In our post 9/11 world, violence and evil threaten our lives, yet Christ reminds us that when we walk with Him, we have nothing to ever fear. If God is with us, and more importantly, if we are with God, we can face each day with peace and security. The safest place to be is in the will of God, daily walking with Him and dwelling in His presence. If we are with God, there is nothing to ever fear! Now this doesn’t imply that we are safe from every violent and evil act, but it does means that God is with us and will keep us in His care. Although many of us don’t like to think about this, the reality is that death will come to all of us sooner or later. Death is a despised and an unwanted visitor, and yet, whether we want it or not, it will come to us. If we are truly united with Jesus Christ, however, death itself is nothing to fear. Our faith in Christ allows us to laugh at the greatest evil, death itself, and to taunt death as the Apostle Paul did – Death is swallowed up in victory. O Death, where is your sting? O Hades, where is your victory?... Thanks be to God who gives us the victory through our Lord Jesus Christ. (1 Corinthians 15:54-55)
If we have no fear of death, but choose to dwell in the peace and security of God’s will, then the threat of unexpected violence and terror dissipate. The evil and hate-filled actions of others won’t ever control our lives, and fill us with fear. Always remember, fear is not from God! I came to give you an abundant life – a life of peace, of love, of security. The question is never whether God is with us. He is always with us! The central question is whether we are with God? And if we are with Him, there is nothing to ever fear!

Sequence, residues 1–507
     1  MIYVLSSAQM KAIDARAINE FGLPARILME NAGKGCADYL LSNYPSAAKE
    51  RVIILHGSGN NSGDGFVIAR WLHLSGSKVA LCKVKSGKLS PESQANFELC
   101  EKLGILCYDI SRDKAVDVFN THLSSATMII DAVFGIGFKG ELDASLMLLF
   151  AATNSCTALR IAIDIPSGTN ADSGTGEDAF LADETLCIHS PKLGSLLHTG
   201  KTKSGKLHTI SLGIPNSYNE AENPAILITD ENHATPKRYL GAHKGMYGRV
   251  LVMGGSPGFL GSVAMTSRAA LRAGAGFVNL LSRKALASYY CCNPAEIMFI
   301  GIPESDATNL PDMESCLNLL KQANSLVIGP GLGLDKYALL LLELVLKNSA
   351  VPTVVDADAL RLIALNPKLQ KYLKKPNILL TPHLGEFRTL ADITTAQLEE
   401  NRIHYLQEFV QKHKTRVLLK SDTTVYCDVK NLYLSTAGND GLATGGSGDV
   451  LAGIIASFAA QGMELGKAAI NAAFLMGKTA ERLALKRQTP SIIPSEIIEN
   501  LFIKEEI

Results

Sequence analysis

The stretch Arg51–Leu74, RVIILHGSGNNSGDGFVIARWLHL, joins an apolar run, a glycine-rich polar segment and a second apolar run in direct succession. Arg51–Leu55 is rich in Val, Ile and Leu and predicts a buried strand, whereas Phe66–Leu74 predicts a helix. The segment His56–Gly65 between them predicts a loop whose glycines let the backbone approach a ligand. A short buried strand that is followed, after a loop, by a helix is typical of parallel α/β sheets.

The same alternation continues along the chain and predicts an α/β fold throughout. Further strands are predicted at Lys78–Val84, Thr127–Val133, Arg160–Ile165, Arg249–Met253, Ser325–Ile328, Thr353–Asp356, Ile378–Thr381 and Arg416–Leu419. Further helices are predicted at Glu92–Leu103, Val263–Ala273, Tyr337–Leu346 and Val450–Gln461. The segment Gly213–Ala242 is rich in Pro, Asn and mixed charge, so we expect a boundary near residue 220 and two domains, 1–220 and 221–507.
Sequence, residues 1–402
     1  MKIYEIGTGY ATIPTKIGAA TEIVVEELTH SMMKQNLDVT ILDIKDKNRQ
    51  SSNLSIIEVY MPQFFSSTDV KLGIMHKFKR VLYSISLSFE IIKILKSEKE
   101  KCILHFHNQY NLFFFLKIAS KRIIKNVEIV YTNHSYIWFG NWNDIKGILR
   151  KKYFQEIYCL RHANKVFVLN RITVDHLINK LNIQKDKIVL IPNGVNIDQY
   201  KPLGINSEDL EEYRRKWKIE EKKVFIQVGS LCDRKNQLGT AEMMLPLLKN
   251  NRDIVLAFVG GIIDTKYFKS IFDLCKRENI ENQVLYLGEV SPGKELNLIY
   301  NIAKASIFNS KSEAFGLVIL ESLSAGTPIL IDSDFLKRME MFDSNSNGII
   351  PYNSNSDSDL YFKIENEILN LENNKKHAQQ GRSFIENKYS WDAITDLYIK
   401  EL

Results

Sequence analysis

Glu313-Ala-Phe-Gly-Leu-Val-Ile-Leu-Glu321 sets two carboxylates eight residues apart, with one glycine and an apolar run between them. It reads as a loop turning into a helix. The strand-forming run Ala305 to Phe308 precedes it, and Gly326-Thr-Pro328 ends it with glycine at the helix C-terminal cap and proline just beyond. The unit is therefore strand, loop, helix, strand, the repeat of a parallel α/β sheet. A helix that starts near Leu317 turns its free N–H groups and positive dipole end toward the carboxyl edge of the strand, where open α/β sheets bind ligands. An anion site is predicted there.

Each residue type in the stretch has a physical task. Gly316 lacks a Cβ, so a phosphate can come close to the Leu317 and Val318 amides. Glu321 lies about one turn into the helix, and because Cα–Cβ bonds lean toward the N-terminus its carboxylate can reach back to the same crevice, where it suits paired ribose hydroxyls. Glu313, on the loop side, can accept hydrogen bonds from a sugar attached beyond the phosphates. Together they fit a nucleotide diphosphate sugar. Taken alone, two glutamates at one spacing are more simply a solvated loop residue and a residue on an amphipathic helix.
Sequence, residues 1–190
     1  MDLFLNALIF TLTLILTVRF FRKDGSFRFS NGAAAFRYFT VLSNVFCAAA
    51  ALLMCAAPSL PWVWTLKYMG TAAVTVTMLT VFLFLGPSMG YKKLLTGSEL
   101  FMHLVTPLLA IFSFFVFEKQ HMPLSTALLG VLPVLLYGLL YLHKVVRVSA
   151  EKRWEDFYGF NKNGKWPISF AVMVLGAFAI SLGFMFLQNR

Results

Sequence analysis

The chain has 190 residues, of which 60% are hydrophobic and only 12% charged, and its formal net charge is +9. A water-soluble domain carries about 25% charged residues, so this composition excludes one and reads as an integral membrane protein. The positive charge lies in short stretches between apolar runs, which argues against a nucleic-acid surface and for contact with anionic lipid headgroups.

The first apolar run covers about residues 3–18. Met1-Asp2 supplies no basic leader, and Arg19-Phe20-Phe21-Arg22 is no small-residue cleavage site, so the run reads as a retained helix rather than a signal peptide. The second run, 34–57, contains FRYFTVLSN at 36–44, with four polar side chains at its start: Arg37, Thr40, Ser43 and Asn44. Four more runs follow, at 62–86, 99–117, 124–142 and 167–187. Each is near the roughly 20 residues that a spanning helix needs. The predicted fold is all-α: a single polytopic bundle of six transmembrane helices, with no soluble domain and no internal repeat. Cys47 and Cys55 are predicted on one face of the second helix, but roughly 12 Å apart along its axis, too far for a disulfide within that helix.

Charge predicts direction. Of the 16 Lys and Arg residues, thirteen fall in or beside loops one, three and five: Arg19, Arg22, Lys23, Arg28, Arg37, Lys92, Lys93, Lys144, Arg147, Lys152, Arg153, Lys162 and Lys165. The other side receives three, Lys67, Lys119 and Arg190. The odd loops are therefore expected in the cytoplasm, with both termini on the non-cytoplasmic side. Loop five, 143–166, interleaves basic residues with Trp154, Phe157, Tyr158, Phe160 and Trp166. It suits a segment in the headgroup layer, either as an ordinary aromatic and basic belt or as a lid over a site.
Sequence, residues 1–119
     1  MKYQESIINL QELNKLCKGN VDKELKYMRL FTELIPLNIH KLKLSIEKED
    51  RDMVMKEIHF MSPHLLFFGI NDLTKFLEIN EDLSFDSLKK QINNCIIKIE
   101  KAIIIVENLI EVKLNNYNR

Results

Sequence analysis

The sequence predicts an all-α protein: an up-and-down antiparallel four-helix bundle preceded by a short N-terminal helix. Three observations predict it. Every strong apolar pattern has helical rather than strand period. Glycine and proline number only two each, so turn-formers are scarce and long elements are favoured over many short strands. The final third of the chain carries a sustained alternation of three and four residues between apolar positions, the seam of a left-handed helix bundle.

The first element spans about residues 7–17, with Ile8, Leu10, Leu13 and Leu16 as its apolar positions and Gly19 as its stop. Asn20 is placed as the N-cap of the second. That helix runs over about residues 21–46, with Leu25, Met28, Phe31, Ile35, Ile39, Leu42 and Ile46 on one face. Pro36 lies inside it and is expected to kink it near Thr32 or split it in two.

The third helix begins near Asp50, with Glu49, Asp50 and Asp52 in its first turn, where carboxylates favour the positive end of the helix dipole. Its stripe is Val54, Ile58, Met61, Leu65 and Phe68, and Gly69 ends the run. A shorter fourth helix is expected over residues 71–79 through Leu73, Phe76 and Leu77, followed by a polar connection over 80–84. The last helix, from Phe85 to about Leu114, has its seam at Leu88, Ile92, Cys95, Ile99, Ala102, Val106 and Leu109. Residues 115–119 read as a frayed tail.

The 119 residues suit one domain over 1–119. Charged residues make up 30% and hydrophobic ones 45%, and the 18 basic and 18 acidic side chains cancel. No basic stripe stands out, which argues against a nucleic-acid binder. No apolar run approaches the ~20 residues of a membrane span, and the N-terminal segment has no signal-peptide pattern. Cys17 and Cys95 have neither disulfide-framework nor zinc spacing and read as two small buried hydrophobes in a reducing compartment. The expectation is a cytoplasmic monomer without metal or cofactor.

The second fundamental principle the events of this past week should lead us to reflect on is how our Lord taught His followers to never respond to evil with evil, but to live lives of divine love that could transform hated enemies into beloved brothers and sisters.
Do not be overcome by evil, but overcome evil with good. (Romans 12:21)… Love your enemies, bless those who curse you, do good to those who hate you, and pray for those who spitefully use you and persecute you, that you may be children of your Father in heaven. (Matthew 5:44)… Love one another, as I have loved you (John 15:12).
Here lies the most radical teaching of Jesus! Christianity does not teach “an eye for an eye and a tooth for a tooth.” That was a message from the Mosaic law. Retribution and revenge reflects the desires of our fallen human nature, and the truth be told, such justice is a part of other world religions. Jesus Christ, however, proclaims the divine Gospel, the Good News that divine love is greater than our fallen human desires and passions for human justice and vengeance. Divine love has the power to transform hated enemies and broken individuals into new creations – people who discover the divine image into which they were created. Every person is a child of God, created in His image and likeness, and with the potential to become a renewed being of love.
So as we reflect on the tragedies of this past week, let us pray for the souls of those who have died, let us lift up to the Lord all individuals and families who have been injured and traumatized by these horrible events, but let us also even pray for the lost and misguided terrorists who live in a dark world of hatred.
As followers of Jesus Christ and as Orthodox Christians, reflect on these past days and remember the two fundamental principles our Lord challenges us to always live with. First, never allow fear to control our lives, but live in peace and tranquility, safe within the presence of God’s love. And second, don’t give in to the temptation of our fallen human nature to respond to evil with evil, or hatred with hatred. Instead, allow God’s divine love to grow within us, so that we can offer only love to the world around us, love that can transform hated enemies into beloved brothers and sisters.
Facing Our Uncertain Future
Love Until It Hurts
Our Orthodox Faith
The Orthodox Church: An Introduction